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Health System Management • December 2016

Adverse reactions occurring in ≥5% of adult patients with type 1 diabetes treated with BASAGLAR (combined with insulin lispro) in a 52-week trial were infection (24%), nasopharyngitis (16%), and upper respiratory tract infection (8%). Adverse reactions occurring in ≥5% of adult patients with type 2 diabetes treated with BASAGLAR in a 24-week trial were infection (17%), nasopharyngitis (6%), and upper respiratory tract infection (5%). Allergic Reactions Some patients taking insulin therapy, including BASAGLAR have experienced erythema, local edema, and pruritus at the site of injection. These conditions were usually self-limiting. Severe cases of generalized allergy (anaphylaxis) have been reported see Warnings and Precautions (5.5). Weight Gain Weight gain can occur with insulin therapy, including BASAGLAR, and has been attributed to the anabolic effects of insulin and the decrease in glucosuria. Peripheral Edema Some patients taking BASAGLAR have experienced sodium retention and edema, particularly if previously poor metabolic control is improved by intensified insulin therapy. Lipodystrophy Administration of insulin subcutaneously, including BASAGLAR, has resulted in lipoatrophy (depression in the skin) or lipohypertrophy (enlargement or thickening of tissue) in some patients see Dosage and Administration (2.1). Weight Gain Weight gain has occurred with some insulin therapies including BASAGLAR and has been attributed to the anabolic effects of insulin and the decrease in glycosuria. Severe Hypoglycemia Hypoglycemia is the most commonly observed adverse reaction in patients using insulin, including BASAGLAR see Warnings and Precautions. The rates of reported hypoglycemia depend on the definition of hypoglycemia used, diabetes type, insulin dose, intensity of glucose control, background therapies, and other intrinsic and extrinsic patient factors. For these reasons, comparing rates of hypoglycemia in clinical trials for BASAGLAR with the incidence of hypoglycemia for other products may be misleading and also, may not be representative of hypoglycemia rates that will occur in clinical practice. Severe symptomatic hypoglycemia was defined as an event with symptoms consistent with hypoglycemia requiring the assistance of another person and associated with either a blood glucose below 50 mg/dL or prompt recovery after oral carbohydrate, intravenous glucose or glucagon administration. The incidence of severe symptomatic hypoglycemia in patients receiving BASAGLAR with type 1 diabetes mellitus and type 2 diabetes mellitus see Clinical Studies was 4% at 52 weeks and 1% at 24 weeks, respectively. USE IN SPECIFIC POPULATIONS Pregnancy— Pregnancy Category C. Female patients should be advised to tell their physicians if they intend to become, or if they become pregnant while taking BASAGLAR. There are no well-controlled clinical studies of the use of insulin glargine in pregnant women. Because animal reproduction studies are not always predictive of human response, this drug should be used during pregnancy only if the potential benefit justifies the potential risk to the fetus. Nursing Mothers— It is unknown whether insulin glargine is excreted in human milk. Use of insulin glargine is compatible with breastfeeding, but women with diabetes who are lactating may require adjustments of their insulin doses. Pediatric Use— The safety and effectiveness of BASAGLAR have been established in pediatric patients (age 6 to 15 years) with type 1 diabetes based on an adequate and well-controlled trial of another insulin glargine product, 100 units/mL, in pediatric patients (age 6 to 15 years) with type 1 diabetes and additional data in adults with type 1 diabetes see Clinical Studies (14.2). The safety and effectiveness of BASAGLAR in pediatric patients younger than 6 years of age with type 1 diabetes and pediatric patients with type 2 diabetes has not been established. In the pediatric clinical trial of another insulin glargine, pediatric patients (age 6 to 15 years) with type 1 diabetes had a higher incidence of severe symptomatic hypoglycemia compared to the adults in trials with type 1 diabetes see Adverse Reactions. Geriatric Use— Of the total number of subjects in clinical studies of patients with type 2 diabetes who were treated with BASAGLAR or another insulin glargine product, 100 units/mL, each in combination with oral agents in a controlled clinical trial environment, 28.3% were 65 and over, while 4.5% were 75 and over. No overall differences in safety or effectiveness were observed between these subjects and younger subjects, and other reported clinical experience has not identified differences in responses between the elderly and younger patients, but greater sensitivity of some older individuals cannot be ruled out. Nevertheless, caution should be exercised when BASAGLAR is administered to geriatric patients. In elderly patients with diabetes, the initial dosing, dose increments, and maintenance dosage should be conservative to avoid hypoglycemic reactions. Hypoglycemia may be difficult to recognize in the elderly. Renal Impairment— The effect of renal impairment on the pharmacokinetics of BASAGLAR has not been studied. Hepatic Impairment— The effect of hepatic impairment on the pharmacokinetics of BASAGLAR has not been studied. Obesity— In controlled clinical trials, subgroup analyses based on BMI did not show differences in safety and efficacy between BASAGLAR and another insulin glargine product, 100 units/mL. OVERDOSAGE Excess insulin administration relative to food intake, energy expenditure, or both may lead to severe and sometimes prolonged and life-threatening hypoglycemia and hypokalemia see Warnings and Precautions (5.3, 5.6). Mild episodes of hypoglycemia can be treated with oral glucose. Adjustments in drug dosage, meal patterns, or physical activity level may be needed. More severe episodes with coma, seizure, or neurologic impairment may be treated with intramuscular/subcutaneous glucagon or concentrated intravenous glucose. Sustained carbohydrate intake and observation may be necessary because hypoglycemia may recur after apparent clinical recovery. Hypokalemia must be corrected appropriately. PATIENT COUNSELING INFORMATION: See FDA-approved patient labeling and Patient Counseling Information section of the Full Prescribing Information. BASAGLAR® and BASAGLAR® KwikPen® are registered trademarks of Eli Lilly and Company. Marketed by: Lilly USA, LLC, Indianapolis, IN 46285, USA and Boehringer Ingelheim Pharmaceuticals, Inc., Ridgefield, CT 06877, USA Copyright © 2016, Eli Lilly and Company. All rights reserved. Additional information can be found at www.BASAGLAR.com. Available by prescription only. BV HCP BS 12SEP2016 BASAGLAR (insulin glargine injection) BV HCP BS 12SEP2016 BASAGLAR (insulin glargine injection) BV HCP BS 12SEP2016 BASAGLAR, BV HCP BS 12SEP2016 Brief Summary 7.125 x 9.75 PRINTER VERSION 2 OF 2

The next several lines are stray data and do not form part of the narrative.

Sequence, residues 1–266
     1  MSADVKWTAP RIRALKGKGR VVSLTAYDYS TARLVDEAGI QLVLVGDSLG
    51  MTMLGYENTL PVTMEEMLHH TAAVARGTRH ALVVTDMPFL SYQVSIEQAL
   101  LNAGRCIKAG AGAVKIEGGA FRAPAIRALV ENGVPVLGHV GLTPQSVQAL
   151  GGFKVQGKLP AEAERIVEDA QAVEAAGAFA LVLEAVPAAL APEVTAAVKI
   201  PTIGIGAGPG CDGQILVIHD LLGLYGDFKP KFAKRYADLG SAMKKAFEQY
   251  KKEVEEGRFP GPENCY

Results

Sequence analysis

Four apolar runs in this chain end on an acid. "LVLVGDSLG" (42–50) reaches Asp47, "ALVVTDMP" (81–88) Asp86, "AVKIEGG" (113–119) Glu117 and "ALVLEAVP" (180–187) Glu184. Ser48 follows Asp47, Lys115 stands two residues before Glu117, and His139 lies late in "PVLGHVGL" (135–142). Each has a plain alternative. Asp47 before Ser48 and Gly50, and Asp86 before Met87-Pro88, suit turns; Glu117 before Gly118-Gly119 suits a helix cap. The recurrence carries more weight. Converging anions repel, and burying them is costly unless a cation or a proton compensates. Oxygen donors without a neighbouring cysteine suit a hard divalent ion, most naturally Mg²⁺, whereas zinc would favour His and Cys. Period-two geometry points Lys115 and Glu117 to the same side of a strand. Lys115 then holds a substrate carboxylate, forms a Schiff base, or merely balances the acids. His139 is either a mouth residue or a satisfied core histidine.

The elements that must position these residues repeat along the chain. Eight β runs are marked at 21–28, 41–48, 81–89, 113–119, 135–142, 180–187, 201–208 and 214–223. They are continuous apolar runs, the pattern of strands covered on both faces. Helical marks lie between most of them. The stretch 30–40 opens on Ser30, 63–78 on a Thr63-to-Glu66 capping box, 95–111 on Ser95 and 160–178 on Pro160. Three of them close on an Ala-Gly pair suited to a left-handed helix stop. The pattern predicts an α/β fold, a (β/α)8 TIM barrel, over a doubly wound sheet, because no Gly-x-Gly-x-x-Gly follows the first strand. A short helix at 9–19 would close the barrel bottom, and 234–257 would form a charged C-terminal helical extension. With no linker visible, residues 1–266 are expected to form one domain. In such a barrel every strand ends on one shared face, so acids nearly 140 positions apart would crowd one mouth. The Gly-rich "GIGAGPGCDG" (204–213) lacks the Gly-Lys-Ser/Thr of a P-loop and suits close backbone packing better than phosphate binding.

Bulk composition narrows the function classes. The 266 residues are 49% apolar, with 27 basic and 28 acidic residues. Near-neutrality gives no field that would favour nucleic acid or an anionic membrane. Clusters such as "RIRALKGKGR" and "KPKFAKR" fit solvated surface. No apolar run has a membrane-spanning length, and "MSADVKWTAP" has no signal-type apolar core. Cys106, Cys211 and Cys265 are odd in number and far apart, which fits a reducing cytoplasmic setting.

Health System Management • December 2016